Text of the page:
Proof of Work (also abbreviated as PoW) is a part of the consensus mechanism by which miners expend computing resources to secure and run the blockchain and its transactions. Specifically, Proof of Work is the means by which the next block producer is selected meaning PoW is the block producer selection mechanism.

Expenditure of computing resources to provide for Proof of Work can be done thru several means, namely thru the usage of CPU power and GPU power to compute for PoW.

Proof of Work has the characteristic of it being difficult or computationally expensive to compute for but easy to check for correctness. This characteristic prevents fake proof of work from being accepted by the network.

In Bitcoin, the Proof of Work and block producer selection is done thru hashing or computing for a number that is lower than the target difficulty.

A simplified example is illustrated here:

Suppose the block difficulty is 1000, all miners work on computing for a answer that will give a number below 1000. The first miner to do so gets to assemble the next block which contains all the transactions in a given period and is awarded a reward of BTC for finding the next block.

Several detractors have criticized Proof of Work as not being environmentally friendly due to the need to expend considerable electric power in the running of mining rigs. As such research is underway to provide alternatives to Proof of Work that are more ecologically friendly  but provide the same if not better security. Some of these alternatives are Proof of Capacity and Proof of Stake.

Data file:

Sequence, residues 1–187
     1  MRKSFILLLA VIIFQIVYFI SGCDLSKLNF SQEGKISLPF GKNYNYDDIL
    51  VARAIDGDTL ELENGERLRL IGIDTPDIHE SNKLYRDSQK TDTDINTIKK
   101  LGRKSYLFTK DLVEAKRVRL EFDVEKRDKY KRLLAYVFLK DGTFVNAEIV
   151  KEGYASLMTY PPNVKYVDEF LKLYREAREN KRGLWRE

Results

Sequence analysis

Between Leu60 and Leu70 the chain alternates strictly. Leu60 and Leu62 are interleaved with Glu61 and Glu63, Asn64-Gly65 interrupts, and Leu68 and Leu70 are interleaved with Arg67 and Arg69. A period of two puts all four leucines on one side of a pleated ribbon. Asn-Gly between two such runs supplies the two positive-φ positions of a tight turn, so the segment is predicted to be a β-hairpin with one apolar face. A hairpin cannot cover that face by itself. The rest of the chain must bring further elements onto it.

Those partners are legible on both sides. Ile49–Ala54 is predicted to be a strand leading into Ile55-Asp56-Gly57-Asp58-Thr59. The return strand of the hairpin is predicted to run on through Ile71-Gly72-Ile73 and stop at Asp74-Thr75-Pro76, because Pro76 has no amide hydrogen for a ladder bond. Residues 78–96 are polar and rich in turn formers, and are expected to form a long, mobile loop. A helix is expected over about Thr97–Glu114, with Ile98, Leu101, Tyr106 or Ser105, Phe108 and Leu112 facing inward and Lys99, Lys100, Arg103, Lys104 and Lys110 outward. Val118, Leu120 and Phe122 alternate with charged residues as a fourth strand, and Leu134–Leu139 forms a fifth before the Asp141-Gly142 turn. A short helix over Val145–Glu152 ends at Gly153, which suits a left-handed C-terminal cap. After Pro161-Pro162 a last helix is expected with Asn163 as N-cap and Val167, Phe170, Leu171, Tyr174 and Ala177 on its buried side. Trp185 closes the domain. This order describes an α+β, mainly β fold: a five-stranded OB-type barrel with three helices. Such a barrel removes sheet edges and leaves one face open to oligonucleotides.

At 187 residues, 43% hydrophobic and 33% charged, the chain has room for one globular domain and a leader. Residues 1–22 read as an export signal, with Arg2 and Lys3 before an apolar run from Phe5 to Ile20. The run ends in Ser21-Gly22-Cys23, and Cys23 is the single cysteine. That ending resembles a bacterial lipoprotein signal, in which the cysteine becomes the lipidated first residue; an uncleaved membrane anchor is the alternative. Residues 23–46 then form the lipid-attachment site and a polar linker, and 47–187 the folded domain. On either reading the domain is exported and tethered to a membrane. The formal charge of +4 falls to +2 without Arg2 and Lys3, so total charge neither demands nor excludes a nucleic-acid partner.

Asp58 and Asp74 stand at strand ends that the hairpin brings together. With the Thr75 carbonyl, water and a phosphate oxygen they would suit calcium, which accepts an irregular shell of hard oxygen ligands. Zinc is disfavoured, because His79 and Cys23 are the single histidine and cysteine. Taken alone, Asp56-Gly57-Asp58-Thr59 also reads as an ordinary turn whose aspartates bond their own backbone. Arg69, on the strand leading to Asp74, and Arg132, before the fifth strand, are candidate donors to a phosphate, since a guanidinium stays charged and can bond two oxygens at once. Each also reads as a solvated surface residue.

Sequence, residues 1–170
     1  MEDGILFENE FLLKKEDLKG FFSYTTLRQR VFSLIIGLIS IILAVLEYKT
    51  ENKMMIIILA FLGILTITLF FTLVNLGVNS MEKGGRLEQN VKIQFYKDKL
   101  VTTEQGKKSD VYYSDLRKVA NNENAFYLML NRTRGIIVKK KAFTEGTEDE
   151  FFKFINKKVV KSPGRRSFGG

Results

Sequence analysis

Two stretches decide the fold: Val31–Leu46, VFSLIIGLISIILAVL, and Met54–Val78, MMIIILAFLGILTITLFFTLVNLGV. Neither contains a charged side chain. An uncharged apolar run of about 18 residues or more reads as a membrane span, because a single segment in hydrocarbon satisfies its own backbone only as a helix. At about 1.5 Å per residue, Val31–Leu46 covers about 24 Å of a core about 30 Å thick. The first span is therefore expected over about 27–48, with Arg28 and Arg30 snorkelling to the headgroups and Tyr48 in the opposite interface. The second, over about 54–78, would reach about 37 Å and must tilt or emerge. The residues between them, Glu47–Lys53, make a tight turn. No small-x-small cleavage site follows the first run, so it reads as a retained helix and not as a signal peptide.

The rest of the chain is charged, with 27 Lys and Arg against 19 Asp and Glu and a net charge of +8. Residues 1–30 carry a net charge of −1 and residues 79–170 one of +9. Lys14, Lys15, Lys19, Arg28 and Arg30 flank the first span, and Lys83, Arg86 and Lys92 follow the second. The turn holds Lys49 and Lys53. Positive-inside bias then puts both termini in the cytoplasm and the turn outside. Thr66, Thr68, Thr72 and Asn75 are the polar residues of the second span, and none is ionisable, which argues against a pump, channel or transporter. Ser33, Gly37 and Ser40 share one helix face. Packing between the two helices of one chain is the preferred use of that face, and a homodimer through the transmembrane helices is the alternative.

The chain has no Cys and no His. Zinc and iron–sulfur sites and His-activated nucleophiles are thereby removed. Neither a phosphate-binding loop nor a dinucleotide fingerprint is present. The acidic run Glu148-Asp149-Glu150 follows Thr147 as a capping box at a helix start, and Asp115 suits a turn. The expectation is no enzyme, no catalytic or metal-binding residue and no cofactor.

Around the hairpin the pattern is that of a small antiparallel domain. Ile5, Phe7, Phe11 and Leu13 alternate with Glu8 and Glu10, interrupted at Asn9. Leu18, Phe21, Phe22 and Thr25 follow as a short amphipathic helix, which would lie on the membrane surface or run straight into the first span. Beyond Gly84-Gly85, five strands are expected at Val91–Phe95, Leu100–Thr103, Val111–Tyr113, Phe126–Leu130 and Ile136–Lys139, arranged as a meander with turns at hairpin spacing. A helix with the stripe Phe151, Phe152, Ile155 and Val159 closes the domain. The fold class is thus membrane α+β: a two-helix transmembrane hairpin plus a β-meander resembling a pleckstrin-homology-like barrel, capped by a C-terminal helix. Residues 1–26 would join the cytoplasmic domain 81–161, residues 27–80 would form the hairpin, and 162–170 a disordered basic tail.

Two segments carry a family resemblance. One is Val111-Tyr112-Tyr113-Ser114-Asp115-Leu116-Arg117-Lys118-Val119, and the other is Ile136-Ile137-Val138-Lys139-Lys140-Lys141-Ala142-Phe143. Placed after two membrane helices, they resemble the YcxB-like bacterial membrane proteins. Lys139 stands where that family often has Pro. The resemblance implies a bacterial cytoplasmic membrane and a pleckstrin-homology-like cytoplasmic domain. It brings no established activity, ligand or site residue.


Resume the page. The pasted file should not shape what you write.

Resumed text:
A clarification on proof of work and consensus mechanisms

Most publications have Proof of Work as THE consensus mechanism, but we at the Crypto Research Institute think it is not the case.  Proof of Work only provides the mechanism for the selection of the right to produce and broadcast the next block to all nodes.

We quote Satoshi Nakamoto’s original Bitcoin whitepaper to show that Proof of Work is a step in the consensus mechanism but NOT the whole consensus mechanism:

“1.) New transactions are broadcast to all nodes.
2.) Each node collects new transactions into a block.
3.) Each node works on finding a difficult proof-of-work for its block.
4.) When a node finds a proof-of-work, it broadcasts the block to all nodes.
5.) Nodes accept the block only if all transactions in it are valid and not already spent.
6.) Nodes express their acceptance of the block by working on creating the next block in the
chain, using the hash of the accepted block as the previous hash.” [1]

The whole of the consensus mechanism above is called “Nakamoto Consensus” and almost every blockchain follows Nakamoto Consensus but replaces the Proof of Work part with a different type of block producer selection mechanism  such as Proof of Stake or Proof of Storage.



1.) Satoshi Nakamoto (2009) Bitcoin Whitepaper

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